On the eve of their graduation from the United States Military Academy, a group of hundreds of West Point graduates published a letter Thursday rebuking the politicization of the military.
The letter comes two days before President Trump is scheduled to give an address during a commencement and commissioning ceremony on campus, for which 1,000 cadets have been recalled from sheltering-in-place at home during the coronavirus pandemic.
“By accepting your commission, you incur a moral purpose and obligation to provide for the common defense. In doing so you enable the nation to fulfill the full range of its aspirations,” the concerned alumni wrote in the letter, published by Medium. “Today, our Constitutional aspirations remain unfulfilled.”
Inspired by what prosecutors say is the murder of a black man, George Floyd, at the hands of a white Minneapolis police officer on May 25, and its aftermath, the alumni implored the class of 2020 to show better leadership than the example they have been given.
“We are concerned that fellow graduates serving in senior-level, public positions are failing to uphold their oath of office and their commitment to Duty, Honor, Country,” the letter reads, a direct criticism of Defense Secretary Mark Esper, class of 1986. “Their actions threaten the credibility of an apolitical military. We ask you to join us in working to right the wrongs and to hold each other accountable to the ideals instilled by our alma mater and affirmed by each of us at graduation.”
In addition to ― unwittingly, Esper has said ― participating at in a photo op near the White House on June 1, before which hundreds of protesters were cleared by tear gas and rubber bullets, the defense secretary found himself at odds with Trump over whether to invoke the Insurrection Act, which would have allowed active-duty troops to deploy into Washington to put down mostly peaceful demonstrations.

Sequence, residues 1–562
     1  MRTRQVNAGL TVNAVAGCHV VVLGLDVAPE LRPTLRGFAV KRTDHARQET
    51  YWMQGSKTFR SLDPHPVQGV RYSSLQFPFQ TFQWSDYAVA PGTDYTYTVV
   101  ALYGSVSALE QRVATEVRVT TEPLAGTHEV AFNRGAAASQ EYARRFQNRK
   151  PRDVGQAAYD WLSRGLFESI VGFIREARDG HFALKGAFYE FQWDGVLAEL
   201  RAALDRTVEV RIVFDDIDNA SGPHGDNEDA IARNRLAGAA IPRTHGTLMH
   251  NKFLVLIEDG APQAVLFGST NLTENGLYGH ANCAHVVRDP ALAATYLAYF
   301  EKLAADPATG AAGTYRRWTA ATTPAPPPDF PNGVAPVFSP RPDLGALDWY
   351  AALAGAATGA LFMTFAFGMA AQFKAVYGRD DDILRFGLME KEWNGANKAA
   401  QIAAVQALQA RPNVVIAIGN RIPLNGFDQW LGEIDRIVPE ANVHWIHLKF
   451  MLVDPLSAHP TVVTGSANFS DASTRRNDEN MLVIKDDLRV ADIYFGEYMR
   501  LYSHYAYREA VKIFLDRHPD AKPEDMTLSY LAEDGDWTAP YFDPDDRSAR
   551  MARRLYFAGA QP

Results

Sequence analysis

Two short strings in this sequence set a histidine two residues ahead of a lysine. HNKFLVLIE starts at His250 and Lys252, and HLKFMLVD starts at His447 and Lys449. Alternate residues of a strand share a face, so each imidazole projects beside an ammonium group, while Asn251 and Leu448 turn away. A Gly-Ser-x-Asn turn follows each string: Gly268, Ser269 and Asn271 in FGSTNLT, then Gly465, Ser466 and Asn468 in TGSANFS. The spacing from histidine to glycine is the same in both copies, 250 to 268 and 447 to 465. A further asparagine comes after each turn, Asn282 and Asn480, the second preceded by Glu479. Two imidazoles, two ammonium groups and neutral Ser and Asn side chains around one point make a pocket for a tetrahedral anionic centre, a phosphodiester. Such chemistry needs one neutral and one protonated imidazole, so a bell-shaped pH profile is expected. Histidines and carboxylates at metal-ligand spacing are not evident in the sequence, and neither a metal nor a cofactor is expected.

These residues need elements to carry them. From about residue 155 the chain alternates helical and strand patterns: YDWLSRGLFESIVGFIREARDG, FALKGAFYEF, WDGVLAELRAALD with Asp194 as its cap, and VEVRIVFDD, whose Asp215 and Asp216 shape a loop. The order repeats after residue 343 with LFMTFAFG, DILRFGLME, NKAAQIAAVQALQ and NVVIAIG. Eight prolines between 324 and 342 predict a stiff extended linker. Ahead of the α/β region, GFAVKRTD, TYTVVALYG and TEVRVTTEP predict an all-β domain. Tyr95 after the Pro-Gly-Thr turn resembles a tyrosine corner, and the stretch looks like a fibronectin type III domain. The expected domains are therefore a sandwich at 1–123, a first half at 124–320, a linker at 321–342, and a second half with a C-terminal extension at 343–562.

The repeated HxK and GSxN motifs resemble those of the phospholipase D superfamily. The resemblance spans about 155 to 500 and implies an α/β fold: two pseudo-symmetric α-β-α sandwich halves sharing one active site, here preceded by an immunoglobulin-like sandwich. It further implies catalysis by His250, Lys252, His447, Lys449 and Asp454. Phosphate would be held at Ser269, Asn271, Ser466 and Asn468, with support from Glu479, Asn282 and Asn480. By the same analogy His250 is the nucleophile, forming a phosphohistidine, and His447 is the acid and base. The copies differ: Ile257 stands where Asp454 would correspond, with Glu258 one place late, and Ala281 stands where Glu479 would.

“Sadly, the government has threatened to use the Army in which you serve as a weapon against fellow Americans engaging in these legitimate protests,” the alumni wrote. “Worse, military leaders, who took the same oath you take today, have participated in politically charged events.”
Following the photo op and talk of the Insurrection Act, a rash of former military leaders came out against the politicization of the military and its use against American citizens, including former Defense Secretary James Mattis, as well as former Joint Chiefs Chairman Mike Mullen and former U.S. Central Command boss Army Gen. Joseph Votel, now both retired.
“The principle of civilian control is central to the military profession. But that principle does not imply blind obedience,” the alumni wrote. “Politicization of the Armed Forces puts at risk the bond of trust between the American military and American society.”
Esper has lamented his role in the photo op, emphasizing that it is harder and harder to keep his department away from politics during this election year.
"Look, I do everything I can to try and stay apolitical, trying to stay out of situations that may appear political,” he said. “And sometimes I’m successful at doing that. And sometimes I’m not as successful.”
For his part, Joint Chiefs Chairman Army Gen. Mark Milley apologized Thursday for accompanying Trump, Esper and a White House entourage into Lafayette Square on June 1.
“I should not have been there,” Milley said in a keynote speech at a National Defense University graduation ceremony. “My presence in that moment and in that environment created a perception of the military involved in domestic politics. As a commissioned uniformed officer, it was a mistake that I have learned from, and I sincerely hope we all can learn from it.”
The West Point grads left the class of 2020 with another piece of advice, inspired by recent events.
“Your commitment to your oath will be tested throughout your career. Your loyalty will be questioned, and some will attempt to use it against you,” they wrote. “Loyalty is the most abused attribute of leadership. Weak or self-serving leaders will emphasize loyalty over duty under the guise of ‘good order and discipline.’”
But leaders would do well not to sacrifice their values to save their hides, they added.
“Unfortunately, some will make a Faustian bargain and endeavor to please their commanders and advance their own careers rather than take care of soldiers, sailors, airmen, and Marines in combat — which is not just a problem, it is a disgrace," they wrote. “America needs your leadership.”
Meghann Myers is the Pentagon bureau chief at Military Times. She covers operations, policy, personnel, leadership and other issues affecting service members.